Anthocyanins are a specific class of plant compounds—the purple, red, and blue pigments in such plants as berries, grapes, plums, red cabbage, and red onions. The highest concentrations of these anthocyanins are found in aronia berries and elderberries, followed by black raspberries, blueberries (especially the smaller “wild” varieties), and blackberries. The cheapest source, though, is probably red cabbage.

In fact, while greens are the healthiest vegetables, berries are the healthiest fruits—in part due to their respective plant pigments. Leaves contain the green pigment chlorophyll, which sets off the firestorm of photosynthesis, so greens have to be packed with antioxidants to deal with the charged high-energy electrons that are formed. Meanwhile, berries evolved to have bright, contrasting colors to attract fruit-eating critters to help disperse their seeds. And the same molecular characteristics that give berries such vibrant colors may account for some of their antioxidant abilities.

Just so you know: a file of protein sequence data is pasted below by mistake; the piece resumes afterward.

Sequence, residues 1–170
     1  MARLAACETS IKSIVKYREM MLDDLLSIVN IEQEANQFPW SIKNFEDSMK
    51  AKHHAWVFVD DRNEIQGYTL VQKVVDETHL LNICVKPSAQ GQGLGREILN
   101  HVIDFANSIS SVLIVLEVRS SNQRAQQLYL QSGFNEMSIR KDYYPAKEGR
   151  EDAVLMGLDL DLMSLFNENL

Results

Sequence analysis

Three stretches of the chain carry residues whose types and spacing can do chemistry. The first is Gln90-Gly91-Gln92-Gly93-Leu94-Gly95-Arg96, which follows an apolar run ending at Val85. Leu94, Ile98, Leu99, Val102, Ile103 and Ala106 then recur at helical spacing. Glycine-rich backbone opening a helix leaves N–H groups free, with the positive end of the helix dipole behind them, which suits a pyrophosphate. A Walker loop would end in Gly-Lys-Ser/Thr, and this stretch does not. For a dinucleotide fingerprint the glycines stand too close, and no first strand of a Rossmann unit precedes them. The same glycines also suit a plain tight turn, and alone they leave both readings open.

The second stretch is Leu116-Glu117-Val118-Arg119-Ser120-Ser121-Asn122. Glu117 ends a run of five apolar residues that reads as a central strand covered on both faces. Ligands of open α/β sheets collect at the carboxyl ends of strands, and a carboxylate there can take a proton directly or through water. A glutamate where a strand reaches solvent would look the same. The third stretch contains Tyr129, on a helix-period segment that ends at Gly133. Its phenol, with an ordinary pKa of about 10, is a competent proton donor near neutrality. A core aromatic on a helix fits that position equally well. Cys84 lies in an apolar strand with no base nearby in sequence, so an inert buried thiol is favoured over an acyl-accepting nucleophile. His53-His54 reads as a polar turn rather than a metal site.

Indeed, colorful foods are often healthier because they contain antioxidant pigments, whether it’s the beta- carotene that makes carrots and sweet potatoes orange, the lycopene antioxidant pigment that makes tomatoes red, or the anthocyanin pigments that make blueberries blue. The colors are the antioxidants.

Muscle biopsies of athletes have confirmed that eating blueberries, for example, can significantly reduce exercise-induced inflammation. Studies using cherries show that this anti-inflammatory effect can translate into faster recovery time, and the muscle-soothing effects of berries don’t only work for weight lifters; follow-up studies have shown that cherries can also help reduce muscle pain in long-distance runners and aid in recovery from marathons.

My Daily Dozen recommends one serving a day of berries and three servings a day of other fruit, such as black plums.

For substantiation of any statements of fact from the peer-reviewed medical literature, please see the associated videos below.

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